30 June 2015 | MOF Team
How did Newton’s Laws of Physics come to be? A simple interaction amongst peers in a public house, and the inspiration one man drew from it.
On January 24th, 1684, Edmund Halley (of Halley’s Comet fame), Robert Hooke and Sir Christopher Wren (the architect, amongst many other talents) met for refreshments after one of the Royal Society’s weekly meetings.
At some point the conversation turned (by Wren’s prompting) to the cosmological question of of the time: how does the force of gravity change depending on the distance between two objects?
This was important because whilst the basic geometric layout of the solar system was broadly understood, the rationale for the movements of the bodies that lay within it were still unknown.
Hooke, apparently a proud man, claimed that he knew the answer, but refused to share it with the group so that “others trying and failing might know how to value it”. However, whilst the other men admitted to not knowing the answer, the question for Halley struck a chord, and his curiosity (and desire to win the 40 shillings reward Wren laid down) was sparked.
In August of the same year, Halley travelled to the University of Cambridge to speak to the then Lucasian Professor of Mathematics, Isaac Newton; a man so eccentric that he once stuck a needle in his own eye to test a hypothesis.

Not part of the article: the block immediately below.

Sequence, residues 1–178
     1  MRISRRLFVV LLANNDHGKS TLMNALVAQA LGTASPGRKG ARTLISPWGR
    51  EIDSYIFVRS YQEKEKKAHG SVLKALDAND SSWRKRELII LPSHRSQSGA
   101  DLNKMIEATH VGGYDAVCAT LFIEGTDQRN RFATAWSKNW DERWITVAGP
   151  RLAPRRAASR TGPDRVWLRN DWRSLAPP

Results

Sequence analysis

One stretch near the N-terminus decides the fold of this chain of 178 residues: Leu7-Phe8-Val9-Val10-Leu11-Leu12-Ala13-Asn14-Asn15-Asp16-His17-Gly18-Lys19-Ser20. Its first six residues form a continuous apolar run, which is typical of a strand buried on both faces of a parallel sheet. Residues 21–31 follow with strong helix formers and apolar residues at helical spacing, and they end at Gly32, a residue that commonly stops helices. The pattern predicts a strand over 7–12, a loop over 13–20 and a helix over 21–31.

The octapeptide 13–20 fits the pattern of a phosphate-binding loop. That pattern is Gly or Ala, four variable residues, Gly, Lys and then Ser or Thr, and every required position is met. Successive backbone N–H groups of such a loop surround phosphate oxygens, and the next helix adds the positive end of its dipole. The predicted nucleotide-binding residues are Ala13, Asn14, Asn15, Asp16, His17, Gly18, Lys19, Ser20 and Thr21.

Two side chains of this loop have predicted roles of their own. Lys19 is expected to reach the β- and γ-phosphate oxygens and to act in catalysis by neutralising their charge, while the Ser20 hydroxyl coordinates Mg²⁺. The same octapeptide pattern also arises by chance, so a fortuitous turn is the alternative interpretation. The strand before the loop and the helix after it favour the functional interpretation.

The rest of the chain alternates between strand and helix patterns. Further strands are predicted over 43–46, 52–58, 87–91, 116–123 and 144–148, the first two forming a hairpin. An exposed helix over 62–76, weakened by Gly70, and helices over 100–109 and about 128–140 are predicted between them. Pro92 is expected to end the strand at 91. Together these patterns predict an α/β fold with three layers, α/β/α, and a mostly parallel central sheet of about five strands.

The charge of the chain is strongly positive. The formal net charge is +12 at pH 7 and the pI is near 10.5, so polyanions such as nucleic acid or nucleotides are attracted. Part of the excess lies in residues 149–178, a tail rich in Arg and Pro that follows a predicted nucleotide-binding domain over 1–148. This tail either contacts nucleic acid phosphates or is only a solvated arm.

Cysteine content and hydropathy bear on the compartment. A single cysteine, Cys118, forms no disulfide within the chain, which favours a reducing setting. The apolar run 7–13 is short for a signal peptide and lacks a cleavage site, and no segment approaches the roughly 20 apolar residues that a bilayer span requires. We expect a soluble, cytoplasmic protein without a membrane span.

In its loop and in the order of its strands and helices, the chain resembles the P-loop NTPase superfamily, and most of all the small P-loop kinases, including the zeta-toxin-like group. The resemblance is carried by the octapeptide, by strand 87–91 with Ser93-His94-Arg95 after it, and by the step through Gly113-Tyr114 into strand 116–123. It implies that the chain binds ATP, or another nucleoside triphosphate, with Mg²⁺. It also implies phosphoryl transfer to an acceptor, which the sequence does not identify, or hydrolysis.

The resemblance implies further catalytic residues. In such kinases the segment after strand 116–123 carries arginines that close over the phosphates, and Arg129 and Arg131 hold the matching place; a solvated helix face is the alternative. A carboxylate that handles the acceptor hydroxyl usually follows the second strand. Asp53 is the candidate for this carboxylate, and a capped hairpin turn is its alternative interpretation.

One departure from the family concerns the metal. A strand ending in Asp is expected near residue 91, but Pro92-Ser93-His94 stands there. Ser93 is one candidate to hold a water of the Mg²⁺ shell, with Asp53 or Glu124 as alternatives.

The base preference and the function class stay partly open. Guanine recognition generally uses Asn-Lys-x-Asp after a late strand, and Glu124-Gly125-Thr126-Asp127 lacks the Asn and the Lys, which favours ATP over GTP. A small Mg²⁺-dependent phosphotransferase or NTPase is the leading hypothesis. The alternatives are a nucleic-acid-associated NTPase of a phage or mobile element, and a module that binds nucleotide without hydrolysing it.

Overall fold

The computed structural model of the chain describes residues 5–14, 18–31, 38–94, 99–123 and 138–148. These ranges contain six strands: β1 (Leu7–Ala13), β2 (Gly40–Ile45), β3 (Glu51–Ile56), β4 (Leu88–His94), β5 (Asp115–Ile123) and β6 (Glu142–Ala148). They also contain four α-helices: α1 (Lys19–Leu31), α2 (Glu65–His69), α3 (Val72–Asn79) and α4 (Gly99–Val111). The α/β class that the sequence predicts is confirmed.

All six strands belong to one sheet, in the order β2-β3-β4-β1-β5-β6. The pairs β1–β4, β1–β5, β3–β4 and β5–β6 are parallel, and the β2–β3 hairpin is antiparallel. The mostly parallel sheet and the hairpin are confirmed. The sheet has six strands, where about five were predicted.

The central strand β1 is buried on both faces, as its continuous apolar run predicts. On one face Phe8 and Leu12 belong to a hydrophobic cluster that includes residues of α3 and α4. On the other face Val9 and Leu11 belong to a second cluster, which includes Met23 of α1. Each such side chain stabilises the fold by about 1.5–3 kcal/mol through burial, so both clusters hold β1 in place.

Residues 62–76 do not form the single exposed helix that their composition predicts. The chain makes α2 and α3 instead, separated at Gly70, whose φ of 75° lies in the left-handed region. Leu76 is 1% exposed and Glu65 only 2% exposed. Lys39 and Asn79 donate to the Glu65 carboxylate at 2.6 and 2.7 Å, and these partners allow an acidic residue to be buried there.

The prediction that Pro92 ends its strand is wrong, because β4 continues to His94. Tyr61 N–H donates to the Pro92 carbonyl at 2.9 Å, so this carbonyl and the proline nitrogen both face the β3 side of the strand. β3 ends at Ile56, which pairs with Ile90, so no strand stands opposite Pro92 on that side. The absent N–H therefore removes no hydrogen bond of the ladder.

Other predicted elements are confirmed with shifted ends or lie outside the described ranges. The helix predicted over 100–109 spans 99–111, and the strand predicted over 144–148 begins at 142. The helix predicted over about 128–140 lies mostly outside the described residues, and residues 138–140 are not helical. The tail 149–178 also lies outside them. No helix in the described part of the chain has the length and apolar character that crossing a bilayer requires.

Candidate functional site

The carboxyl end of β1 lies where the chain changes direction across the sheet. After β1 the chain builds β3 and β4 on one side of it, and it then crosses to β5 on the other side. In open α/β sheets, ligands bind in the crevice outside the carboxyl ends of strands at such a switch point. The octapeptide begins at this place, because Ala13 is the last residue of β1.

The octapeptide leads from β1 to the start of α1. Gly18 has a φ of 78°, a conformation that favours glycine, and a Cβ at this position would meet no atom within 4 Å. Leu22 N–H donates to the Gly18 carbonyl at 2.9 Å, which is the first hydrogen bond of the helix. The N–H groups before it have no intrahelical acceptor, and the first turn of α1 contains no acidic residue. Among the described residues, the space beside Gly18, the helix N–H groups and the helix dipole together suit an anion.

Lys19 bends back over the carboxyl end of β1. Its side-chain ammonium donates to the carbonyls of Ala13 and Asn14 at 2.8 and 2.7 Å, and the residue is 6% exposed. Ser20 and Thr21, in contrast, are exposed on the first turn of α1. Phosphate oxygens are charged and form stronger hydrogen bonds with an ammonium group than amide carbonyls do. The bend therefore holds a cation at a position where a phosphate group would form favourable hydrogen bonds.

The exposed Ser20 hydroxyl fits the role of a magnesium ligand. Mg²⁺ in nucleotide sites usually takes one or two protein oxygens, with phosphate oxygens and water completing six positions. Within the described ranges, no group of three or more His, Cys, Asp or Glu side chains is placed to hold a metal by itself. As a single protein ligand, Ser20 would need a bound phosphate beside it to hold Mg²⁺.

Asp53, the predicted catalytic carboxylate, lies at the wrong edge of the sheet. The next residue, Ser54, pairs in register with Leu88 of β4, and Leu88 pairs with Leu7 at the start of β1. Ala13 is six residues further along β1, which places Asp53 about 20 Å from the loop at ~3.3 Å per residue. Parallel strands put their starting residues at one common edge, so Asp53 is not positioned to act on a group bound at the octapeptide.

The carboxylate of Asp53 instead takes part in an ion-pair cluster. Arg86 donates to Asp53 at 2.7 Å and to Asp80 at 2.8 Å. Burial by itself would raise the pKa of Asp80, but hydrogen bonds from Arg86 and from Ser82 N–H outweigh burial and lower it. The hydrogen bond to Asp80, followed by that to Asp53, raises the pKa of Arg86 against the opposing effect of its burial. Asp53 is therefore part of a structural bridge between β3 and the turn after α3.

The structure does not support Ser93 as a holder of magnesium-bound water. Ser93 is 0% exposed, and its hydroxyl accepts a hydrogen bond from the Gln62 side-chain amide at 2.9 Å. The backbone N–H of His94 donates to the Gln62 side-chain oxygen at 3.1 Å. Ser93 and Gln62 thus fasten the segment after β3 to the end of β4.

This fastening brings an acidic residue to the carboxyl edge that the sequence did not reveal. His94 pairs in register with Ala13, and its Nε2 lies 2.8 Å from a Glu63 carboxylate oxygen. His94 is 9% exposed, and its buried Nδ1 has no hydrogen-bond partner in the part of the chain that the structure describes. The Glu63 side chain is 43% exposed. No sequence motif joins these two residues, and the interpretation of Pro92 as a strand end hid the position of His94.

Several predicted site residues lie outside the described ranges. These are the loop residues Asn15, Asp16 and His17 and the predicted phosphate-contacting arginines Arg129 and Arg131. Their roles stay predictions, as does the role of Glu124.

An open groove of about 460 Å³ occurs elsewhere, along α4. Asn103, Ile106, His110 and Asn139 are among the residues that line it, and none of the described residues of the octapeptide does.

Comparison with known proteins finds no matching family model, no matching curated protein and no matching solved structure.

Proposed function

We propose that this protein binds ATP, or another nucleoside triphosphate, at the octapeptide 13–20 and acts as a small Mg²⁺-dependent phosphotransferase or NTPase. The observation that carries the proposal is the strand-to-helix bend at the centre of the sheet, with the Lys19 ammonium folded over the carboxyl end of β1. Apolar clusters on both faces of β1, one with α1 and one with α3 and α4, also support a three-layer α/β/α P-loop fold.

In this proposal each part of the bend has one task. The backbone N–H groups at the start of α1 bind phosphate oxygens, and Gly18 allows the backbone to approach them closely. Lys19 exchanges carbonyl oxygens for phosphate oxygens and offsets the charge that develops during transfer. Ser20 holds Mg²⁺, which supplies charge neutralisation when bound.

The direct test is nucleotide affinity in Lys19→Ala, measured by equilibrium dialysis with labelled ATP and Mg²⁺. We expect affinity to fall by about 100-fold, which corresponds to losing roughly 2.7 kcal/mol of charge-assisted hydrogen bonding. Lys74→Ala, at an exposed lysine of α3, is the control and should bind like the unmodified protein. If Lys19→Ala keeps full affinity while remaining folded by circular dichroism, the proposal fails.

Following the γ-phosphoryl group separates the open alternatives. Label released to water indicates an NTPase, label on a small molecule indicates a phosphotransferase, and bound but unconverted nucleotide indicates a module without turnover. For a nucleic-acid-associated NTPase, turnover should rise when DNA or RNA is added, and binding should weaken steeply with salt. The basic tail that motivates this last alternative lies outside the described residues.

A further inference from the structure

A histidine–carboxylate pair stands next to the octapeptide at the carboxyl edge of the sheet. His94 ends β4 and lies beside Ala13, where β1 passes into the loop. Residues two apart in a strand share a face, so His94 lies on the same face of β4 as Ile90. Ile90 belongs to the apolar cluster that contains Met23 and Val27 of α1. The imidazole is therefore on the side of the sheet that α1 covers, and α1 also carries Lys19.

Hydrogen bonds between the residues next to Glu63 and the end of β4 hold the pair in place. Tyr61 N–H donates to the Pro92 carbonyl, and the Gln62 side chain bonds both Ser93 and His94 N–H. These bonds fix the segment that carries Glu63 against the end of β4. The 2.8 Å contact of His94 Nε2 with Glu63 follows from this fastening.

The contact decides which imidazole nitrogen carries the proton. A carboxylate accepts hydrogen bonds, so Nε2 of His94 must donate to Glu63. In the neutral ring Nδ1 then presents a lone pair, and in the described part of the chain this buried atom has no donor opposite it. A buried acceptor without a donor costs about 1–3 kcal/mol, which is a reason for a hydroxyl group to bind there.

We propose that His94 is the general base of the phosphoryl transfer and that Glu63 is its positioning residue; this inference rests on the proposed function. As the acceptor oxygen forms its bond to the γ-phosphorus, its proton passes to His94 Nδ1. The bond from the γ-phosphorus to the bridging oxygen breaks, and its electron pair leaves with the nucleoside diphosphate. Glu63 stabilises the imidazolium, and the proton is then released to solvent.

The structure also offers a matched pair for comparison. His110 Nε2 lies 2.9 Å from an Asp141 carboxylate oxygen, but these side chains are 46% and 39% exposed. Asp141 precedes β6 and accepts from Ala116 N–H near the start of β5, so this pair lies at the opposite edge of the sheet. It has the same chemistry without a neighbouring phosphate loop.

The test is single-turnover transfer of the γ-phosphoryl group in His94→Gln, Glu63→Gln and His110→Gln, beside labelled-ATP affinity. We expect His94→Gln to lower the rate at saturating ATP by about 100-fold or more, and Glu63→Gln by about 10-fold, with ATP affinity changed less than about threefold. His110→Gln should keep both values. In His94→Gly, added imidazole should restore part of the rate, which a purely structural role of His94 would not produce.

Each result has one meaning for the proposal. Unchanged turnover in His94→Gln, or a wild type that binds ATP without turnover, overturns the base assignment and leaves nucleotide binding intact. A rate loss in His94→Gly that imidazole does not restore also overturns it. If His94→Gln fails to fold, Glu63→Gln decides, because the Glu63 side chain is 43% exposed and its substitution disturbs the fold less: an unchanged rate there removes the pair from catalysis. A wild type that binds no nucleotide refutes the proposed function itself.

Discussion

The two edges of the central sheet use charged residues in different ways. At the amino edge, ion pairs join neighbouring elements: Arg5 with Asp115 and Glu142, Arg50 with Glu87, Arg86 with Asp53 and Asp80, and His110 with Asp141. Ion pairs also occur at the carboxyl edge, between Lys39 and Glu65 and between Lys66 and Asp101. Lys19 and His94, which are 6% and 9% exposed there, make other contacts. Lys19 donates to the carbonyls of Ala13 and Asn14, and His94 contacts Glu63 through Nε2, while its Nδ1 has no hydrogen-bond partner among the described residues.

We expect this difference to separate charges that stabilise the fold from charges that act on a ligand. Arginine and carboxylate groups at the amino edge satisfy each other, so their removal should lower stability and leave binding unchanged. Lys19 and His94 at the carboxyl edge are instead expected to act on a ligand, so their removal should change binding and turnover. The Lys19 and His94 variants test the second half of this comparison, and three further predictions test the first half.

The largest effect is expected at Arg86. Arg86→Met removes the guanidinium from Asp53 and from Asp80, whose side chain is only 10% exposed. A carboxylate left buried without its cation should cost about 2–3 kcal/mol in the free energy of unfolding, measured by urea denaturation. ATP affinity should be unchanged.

Upon asking Newton whether he might know how to help, the great man responded that he had already calculated the answer (which was an ellipse), but could not find his workings.
The meeting ended with Newton promising to redo the sums and send them to Halley in due course.
In November of the same year Newton provided a nine page manuscript to Halley, who quickly realised that not only had he solved the problem, but also touched upon the fundamental laws of a whole new science; and begged him to continue his work.
In 1687, Newton published the Philosophiæ Naturalis Principia Mathematica, Latin for "Mathematical Principles of Natural Philosophy”; a set of three books that outlined the laws of motion, universal gravitation, and supplied the foundation of classical mechanics. It is to this day considered one of the most important works in the history of science and more broadly, the modern world.